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Worming your horse - responsible parasite control

Parasitic intestinal worms are common, and all grazing horses are likely to have worms. However, most horses have a very low number, which causes no negative side effects or harm to the horse.

Problems only arise when the worm burden increases. A large burden of worms can cause clinical symptoms such as weight loss, diarrhoea, colic, and in extreme cases, worms can be life-threatening.

Our Equine SmartPlan is a monitoring-based approach to reducing wormer resistance by avoiding unnecessary treatment, which also saves you money.

Learn about our SmartPlan


Why Penn Equine Vets approaches worming differently

There is growing concern about worming resistance in the horse population largely caused by the overuse of wormers. In the UK, resistance to all currently available wormers has been identified.

Resistance is when the drug used in a wormer to treat a worm burden, fails to kill the worms. This could potentially lead to life-threatening burdens of worms in horses that are impossible to treat. Unfortunately, there are no new medications to treat worms, so the key is protecting the ones we do have.

Using worm egg counting to identify those horses’ requiring treatment, leads to a reduction in the number of wormer doses needed, and preserves the effectiveness of wormers for the future equine population.

Worming resistance is caused by:

  1. Overuse of wormers
    Worming your horse kills the worms in the gut that are susceptible to the worming drug, leaving behind only the worms resistant to that drug, which then multiply. If this is repeated at regular intervals, over time the resistant worms left behind after each worming treatment will multiply unchecked. This results in a large worm burden causing clinical disease that is resistant to worming medication and therefore impossible to treat.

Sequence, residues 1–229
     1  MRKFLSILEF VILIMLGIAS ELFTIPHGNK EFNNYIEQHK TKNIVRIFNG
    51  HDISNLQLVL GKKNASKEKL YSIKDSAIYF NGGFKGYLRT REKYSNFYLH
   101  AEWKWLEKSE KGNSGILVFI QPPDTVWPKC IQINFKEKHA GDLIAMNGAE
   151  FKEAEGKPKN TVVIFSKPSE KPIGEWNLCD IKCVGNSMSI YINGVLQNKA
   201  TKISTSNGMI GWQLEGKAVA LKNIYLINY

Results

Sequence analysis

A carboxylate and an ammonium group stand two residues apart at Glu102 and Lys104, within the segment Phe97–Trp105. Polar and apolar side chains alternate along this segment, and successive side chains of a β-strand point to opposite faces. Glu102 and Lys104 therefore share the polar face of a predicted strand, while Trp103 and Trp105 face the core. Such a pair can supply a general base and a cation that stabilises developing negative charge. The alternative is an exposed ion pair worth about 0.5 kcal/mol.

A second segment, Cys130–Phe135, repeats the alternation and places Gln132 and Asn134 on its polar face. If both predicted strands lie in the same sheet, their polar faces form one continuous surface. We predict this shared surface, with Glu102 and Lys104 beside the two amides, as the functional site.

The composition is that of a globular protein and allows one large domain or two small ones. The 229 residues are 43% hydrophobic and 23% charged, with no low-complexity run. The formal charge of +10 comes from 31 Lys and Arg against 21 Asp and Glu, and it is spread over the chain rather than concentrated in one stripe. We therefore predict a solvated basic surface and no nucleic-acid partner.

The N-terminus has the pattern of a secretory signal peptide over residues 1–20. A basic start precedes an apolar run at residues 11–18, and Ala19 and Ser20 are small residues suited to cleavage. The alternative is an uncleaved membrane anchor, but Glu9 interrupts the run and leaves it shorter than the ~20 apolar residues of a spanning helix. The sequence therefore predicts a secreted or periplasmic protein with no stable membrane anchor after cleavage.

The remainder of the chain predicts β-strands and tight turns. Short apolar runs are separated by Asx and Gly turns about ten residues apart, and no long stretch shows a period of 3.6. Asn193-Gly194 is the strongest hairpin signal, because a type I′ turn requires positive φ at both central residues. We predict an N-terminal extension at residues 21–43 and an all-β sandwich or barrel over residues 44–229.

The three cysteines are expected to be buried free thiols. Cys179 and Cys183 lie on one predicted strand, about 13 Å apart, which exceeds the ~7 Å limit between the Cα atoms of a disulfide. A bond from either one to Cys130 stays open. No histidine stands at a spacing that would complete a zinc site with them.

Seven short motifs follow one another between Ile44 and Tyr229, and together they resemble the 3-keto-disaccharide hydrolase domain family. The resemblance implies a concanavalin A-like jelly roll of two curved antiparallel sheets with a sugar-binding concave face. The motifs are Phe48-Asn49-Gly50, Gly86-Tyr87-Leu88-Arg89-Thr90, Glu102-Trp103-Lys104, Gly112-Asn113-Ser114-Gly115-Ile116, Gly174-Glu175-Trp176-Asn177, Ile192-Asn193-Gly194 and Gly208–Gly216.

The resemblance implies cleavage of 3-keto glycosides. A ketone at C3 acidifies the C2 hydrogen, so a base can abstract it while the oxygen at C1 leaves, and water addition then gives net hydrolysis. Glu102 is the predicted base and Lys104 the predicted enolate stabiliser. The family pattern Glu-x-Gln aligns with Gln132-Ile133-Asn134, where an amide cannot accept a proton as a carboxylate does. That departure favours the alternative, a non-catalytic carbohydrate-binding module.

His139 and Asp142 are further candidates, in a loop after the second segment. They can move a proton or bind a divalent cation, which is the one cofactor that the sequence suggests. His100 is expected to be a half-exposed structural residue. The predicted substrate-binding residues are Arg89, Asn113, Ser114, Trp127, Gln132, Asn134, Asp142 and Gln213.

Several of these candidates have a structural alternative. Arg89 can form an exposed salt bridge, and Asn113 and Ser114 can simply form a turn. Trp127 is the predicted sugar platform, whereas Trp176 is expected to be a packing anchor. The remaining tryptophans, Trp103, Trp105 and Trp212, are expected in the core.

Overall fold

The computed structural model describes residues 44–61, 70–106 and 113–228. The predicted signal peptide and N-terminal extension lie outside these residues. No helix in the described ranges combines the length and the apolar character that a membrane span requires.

2. Incorrect dosing
    Administering a worming dose that is too low is another way to only kill a small proportion of susceptible worms, leaving the more resistant worms behind to multiply.
  3. Repeatedly using the same wormer
    Using the same wormer each time to treat your horse, repeatedly exposes the worms to the same drug. This will leave behind the worms that are resistant to that drug, which can then multiply unchecked to form a large worm burden.

How can we worm horses responsibly?

By following 3 simple rules:

  1. Monitoring – Testing your horse’s droppings for worms 3 times per year between April and October with a faecal worm egg count, and their saliva once a year for tapeworm.
  2. Targeted treatment – Treat only the horses that have a high worm egg count (>200 epg).
  3. Management – Worms are passed on to horses in their droppings. Good stable and pasture hygiene by removing droppings regularly reduces the source of worm infection. We recommend mucking out your horse’s stable at least once a day and removing droppings from the pasture at least twice a week. Co-grazing your horses with cattle or sheep can also be helpful, as well as not overstocking your pasture. Tapeworm is passed though harvest mites in forage.

For more advice about equine worming and healthcare, contact Penn Equine Vets . Join Penn Equine Vets’ Smart Plan & tackle worming head-on.

Learn about our SmartPlan


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